The Week in Film is a column dedicated to bringing awareness to award-winning films, special movie screenings, rereleases, limited-distribution runs and avant cinema that should be seen in theaters to be properly appreciated.

Director James Mangold and actor Hugh Jackman have taken the concept of the superhero movie and turned it inside it. “Logan” isn’t an effects-laden blockbuster in the vein of “X-Men: Apocalypse” or “X-Men: Days of Future Past,” but a somber meditation on age and regret. It’s the sort of film that rarely gets made with the kind of studio backing that 20th Century Fox has given to Mangold and Jackman. It’s violent and occasionally nihilist but reaches a resolution that feels earned, and never forces the superhero angle down your throat. “Logan” is about survival and the passing on of experience, and deals with the idea of family in a way that feels refreshing and intimate. Yes, it’s a $100 million film, but “Logan” has more in common with the bleak Westerns of Sergio Leone than any modern movie franchise.

When: Monday-Friday, March 6-10
Where: Carmike Wynnsong 10, Regal Hamilton Place 8, Carmike Battlefield 10, Carmike East Ridge 18 + IMAX, Carmike Majestic 12, Carmike Northgate 14, Cleveland UEC Theatres 14
Rating: R


The Met Live in HD: La Traviata
In The Met’s upcoming version of Giuseppe Verdi’s opera “La Traviata,” Sonya Yoncheva appears as Violetta ValĂ©ry opposite American tenor Michael Fabiano, who plays the part of her lover, Alfredo. Violetta and Alfredo find themselves thrust into a whirlwind of romance and sacrifice in Paris in the 1800s, resulting in tragic consequences as befits an opera. Conducted by San Francisco Opera music director Nicola Luisotti, this performance will feature behind-the-scenes clips and interviews during the opera’s intermission, which will shed some light on the effort and dedication it takes to bring this story to life.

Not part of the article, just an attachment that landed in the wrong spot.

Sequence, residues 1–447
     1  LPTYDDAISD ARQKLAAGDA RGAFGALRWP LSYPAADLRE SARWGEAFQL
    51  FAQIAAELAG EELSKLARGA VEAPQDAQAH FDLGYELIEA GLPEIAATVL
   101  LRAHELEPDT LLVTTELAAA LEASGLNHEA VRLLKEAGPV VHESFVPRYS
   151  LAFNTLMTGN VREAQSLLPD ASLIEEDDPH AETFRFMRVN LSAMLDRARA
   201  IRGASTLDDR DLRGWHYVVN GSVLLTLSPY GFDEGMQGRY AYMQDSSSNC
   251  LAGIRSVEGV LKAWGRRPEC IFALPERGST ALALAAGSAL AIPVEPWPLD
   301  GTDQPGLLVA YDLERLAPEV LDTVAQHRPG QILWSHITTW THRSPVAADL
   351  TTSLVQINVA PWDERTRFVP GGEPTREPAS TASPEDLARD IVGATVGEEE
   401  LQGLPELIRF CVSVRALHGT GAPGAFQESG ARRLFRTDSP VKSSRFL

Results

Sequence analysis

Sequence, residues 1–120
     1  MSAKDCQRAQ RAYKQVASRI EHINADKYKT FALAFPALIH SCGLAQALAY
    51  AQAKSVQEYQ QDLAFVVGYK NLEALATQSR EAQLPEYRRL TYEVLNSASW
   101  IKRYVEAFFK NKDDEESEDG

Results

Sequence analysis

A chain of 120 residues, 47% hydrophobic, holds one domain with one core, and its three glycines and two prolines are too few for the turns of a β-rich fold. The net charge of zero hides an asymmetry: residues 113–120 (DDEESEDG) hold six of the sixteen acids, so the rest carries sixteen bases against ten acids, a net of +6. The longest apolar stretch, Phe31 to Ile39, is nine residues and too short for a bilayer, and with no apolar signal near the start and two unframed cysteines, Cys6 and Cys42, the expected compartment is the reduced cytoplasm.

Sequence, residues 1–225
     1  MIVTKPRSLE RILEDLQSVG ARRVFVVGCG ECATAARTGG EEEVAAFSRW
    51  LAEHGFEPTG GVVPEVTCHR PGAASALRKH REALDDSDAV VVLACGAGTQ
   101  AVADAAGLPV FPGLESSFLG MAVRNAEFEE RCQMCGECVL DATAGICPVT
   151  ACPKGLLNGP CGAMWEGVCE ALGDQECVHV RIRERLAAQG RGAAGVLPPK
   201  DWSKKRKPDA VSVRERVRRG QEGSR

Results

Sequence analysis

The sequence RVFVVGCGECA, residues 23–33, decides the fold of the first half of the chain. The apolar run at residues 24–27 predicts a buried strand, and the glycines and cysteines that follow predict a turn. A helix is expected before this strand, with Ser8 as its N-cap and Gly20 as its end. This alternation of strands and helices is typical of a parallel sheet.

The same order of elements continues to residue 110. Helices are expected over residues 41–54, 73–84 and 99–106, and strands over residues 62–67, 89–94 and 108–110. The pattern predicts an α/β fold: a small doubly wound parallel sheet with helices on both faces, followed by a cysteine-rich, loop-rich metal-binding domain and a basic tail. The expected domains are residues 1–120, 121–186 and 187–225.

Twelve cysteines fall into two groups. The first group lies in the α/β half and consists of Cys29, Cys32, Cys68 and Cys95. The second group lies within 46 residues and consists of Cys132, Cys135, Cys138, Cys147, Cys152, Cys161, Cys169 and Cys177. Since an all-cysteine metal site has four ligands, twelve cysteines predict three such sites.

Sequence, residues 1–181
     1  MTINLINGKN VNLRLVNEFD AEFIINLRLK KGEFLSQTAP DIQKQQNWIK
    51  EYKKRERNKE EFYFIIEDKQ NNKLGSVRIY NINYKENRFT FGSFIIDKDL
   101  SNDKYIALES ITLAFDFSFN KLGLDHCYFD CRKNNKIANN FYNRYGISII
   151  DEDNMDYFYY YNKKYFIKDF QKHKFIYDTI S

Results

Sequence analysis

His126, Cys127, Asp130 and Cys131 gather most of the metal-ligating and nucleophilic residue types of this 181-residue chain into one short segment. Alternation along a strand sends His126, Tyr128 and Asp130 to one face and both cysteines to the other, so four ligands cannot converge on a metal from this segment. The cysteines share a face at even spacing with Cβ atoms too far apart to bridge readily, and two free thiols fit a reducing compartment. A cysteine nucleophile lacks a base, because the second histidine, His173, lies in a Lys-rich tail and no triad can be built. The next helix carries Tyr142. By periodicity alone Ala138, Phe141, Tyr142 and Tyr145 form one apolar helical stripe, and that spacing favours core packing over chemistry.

When: Saturday, March 11
Where: Regal Hamilton Place 8, Carmike East Ridge 18 + IMAX
Rating: Not rated

Jerusalem 3-D
Presented by National Geographic Entertainment, “Jerusalem 3-D” immerses its audience in the beauty and mystery of one of the most famous and beloved cities in the world. Following three Jerusalem natives and their families, all holding to their Jewish, Muslim and Christian ideologies, the film looks at the common history connecting these great faiths. Noted archaeologist Dr. Jodi Magness explores some of the most historically important sites at the crossroads of these three religions. Hoping to further an open dialogue, especially when communication seems to be lost in a muddied political world, “Jerusalem 3-D” seeks to brush away some of that noise and turbulence, and reconnect people with a history that includes celebrations and events relevant for the beliefs of all involved.

When:Monday-Friday, March 6-10
Where: Tennessee Aquarium IMAX
Rating: Not rated

Joshua Pickard covers local and national music, film and other aspects of pop culture. You can contact him on Facebook, Twitter or by email. The opinions expressed in this column belong solely to the author, not or its employees.